It’s 9 pm on a Saturday, and the Butterfly Lot in downtown Eugene is filled with a very different kind of flying object.
At the lower level of the parking garage, drones dart through the air with motors humming and LED lights flashing, as pilots stand around or sit in folding chairs, all wearing bug-eye goggles and armed with large remote controllers in their hands. When it’s race night, up to 30 racers compete in multiple heats.
The drones move so fast, it can be difficult to keep track.
Two years ago, Jordan Baros, the 28-year-old founder and president of MIA First Person View (FPV), was flipping channels and saw drone racing on ESPN.
“I was captivated,” he says. “I immediately started doing research: Is there a place in Eugene, Oregon, or does anywhere in Oregon at all for that matter have anything like [drone racing] going on? How could I get something like that to start?”
At first, Baros focused on the photography aspect of drones, starting an aerial photography business. After his drone was damaged he found a couple of like-minded guys in Oakridge.
The conclusion was clear: He needed to start a FPV club. Two years later, Baros has a “family” of more than 272 flyers from varied backgrounds.
“I’ve even seen 6-year-olds fly,” he says. “I’ve seen people with one arm fly, Captain Uno. Another guy named Paul, he lives here, and he’s in a wheelchair. So you got all sorts of different people that are attempting to do this. I’ve seen women fly. No one even cares if you fly well. It’s kinda like a big family that just wants to help each other.”
A basketball jock in a past life, Baros says he remembers a lot of hostility and aggression from his time playing on a basketball team, pointing out he’s never experienced that in competitive drone racing.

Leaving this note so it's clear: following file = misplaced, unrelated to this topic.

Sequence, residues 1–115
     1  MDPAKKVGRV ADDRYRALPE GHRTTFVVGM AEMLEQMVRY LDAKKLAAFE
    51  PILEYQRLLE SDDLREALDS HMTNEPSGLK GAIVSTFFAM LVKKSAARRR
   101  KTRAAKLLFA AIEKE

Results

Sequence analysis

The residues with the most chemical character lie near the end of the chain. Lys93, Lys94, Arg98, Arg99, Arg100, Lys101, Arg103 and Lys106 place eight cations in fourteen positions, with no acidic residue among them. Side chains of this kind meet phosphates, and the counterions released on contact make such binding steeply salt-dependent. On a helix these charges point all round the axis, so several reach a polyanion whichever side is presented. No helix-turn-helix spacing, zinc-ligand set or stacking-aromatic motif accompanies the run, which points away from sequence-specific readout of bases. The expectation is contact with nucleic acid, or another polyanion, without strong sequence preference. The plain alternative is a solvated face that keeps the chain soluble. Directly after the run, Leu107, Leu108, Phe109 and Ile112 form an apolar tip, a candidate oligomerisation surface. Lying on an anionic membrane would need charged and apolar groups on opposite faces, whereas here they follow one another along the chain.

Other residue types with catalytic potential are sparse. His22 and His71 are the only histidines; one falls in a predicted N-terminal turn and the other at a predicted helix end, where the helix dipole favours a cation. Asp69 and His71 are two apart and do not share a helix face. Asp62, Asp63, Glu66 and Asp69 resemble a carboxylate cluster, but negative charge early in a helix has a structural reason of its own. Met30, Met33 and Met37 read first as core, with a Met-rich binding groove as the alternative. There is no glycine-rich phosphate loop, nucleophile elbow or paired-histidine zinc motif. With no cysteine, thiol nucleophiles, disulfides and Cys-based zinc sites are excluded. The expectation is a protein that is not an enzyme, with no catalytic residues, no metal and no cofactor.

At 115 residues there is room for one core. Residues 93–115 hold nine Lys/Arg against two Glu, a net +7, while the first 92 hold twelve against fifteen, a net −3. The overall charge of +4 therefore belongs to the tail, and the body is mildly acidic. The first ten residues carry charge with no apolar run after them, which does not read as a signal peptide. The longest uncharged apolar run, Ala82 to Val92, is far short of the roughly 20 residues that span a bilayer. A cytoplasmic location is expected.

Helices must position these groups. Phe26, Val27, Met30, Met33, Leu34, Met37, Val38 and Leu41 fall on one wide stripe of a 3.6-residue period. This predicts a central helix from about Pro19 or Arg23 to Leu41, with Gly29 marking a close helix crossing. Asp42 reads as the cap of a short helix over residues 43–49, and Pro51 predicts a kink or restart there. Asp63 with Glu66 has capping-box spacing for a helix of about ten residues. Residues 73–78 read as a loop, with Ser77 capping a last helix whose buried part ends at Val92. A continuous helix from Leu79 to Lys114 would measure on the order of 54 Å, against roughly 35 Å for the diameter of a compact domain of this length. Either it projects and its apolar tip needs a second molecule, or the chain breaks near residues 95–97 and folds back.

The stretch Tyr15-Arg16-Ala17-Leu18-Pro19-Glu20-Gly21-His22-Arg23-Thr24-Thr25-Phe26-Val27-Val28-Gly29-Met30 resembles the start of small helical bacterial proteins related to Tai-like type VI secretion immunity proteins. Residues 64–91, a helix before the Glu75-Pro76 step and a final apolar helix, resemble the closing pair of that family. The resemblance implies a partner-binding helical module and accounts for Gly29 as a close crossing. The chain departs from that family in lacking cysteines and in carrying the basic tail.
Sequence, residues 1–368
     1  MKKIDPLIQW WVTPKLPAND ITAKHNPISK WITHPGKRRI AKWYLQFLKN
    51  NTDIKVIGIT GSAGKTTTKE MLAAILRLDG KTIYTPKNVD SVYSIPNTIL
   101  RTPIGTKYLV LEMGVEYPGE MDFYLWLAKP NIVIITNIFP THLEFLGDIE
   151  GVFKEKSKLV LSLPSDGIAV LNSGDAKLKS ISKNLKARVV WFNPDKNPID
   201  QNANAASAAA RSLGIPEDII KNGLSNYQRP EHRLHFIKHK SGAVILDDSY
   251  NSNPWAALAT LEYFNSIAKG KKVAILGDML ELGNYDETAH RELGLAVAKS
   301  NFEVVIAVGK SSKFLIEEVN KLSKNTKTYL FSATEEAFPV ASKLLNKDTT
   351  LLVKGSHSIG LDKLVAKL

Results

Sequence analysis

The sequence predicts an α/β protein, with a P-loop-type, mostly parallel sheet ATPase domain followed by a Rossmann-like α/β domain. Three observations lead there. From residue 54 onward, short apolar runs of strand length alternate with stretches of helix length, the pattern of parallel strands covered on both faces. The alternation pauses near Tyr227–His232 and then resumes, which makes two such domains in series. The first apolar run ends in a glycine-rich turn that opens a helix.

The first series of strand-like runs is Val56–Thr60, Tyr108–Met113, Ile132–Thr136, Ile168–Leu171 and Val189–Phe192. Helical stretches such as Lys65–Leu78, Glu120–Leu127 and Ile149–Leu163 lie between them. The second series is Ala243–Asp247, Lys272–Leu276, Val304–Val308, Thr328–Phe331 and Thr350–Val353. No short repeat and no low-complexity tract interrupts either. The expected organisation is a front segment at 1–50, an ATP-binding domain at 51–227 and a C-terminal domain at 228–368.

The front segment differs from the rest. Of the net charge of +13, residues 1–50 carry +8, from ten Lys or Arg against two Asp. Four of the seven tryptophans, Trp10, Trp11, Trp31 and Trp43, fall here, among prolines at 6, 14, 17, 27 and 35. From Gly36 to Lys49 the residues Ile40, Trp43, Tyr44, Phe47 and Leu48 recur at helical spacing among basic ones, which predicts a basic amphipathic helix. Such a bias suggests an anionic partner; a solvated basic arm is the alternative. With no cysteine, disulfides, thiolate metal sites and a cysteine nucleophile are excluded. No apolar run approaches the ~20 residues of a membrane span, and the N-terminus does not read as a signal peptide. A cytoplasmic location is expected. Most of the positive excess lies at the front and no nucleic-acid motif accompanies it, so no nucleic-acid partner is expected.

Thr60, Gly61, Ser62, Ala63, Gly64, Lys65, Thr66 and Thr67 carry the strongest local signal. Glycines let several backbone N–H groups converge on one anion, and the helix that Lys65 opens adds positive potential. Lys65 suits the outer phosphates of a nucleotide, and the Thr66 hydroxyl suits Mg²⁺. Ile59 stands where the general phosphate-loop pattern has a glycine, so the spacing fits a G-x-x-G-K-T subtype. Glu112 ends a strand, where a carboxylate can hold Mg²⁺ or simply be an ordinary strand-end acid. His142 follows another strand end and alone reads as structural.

“I’ve never felt that in [FPV],” he says. “It’s just been a good nurturing feeling from everyone involved. It’s kinda crazy. It’s changed my life. I went from basketball to soldering and playing drone sims. It’s life changing; it’s changed my life in a positive way.”
A drone racing starter pack can begin at $299, with a drone and FatShark goggles. Baros suggests racers build their own drones to learn how the machine works and how to fix it.
While racing through barns or empty parking lots is the most visually interesting aspect of drone racing, it is only one part of the sport.
Racers must learn basic robotics building, programing and wiring. Although the sport looks intimidating, Baros says even his 4-year-old daughter flies and builds drones regularly.
MIA FPV has a full range, from novices to experts, ready and eager to answer any questions a newbie might have.
“The Garage of Doom,” as MIA FPV calls it — or the Butterfly Lot, as residents know it — is a unique partnership between MIA FPV and the city of Eugene. Baros believes the partnership may be the only of its kind nationwide, and it helps keep the parking lot safe at night.
“I think one of the things that the city of Eugene says they like the idea of that parking lot being used for something that’s not ordinary. It’s different,” Baros says. “You can’t go anywhere in Oregon into a parking garage right now and find somewhere that you can race drones legally, I don’t even think you can do that in the nation right now.” ν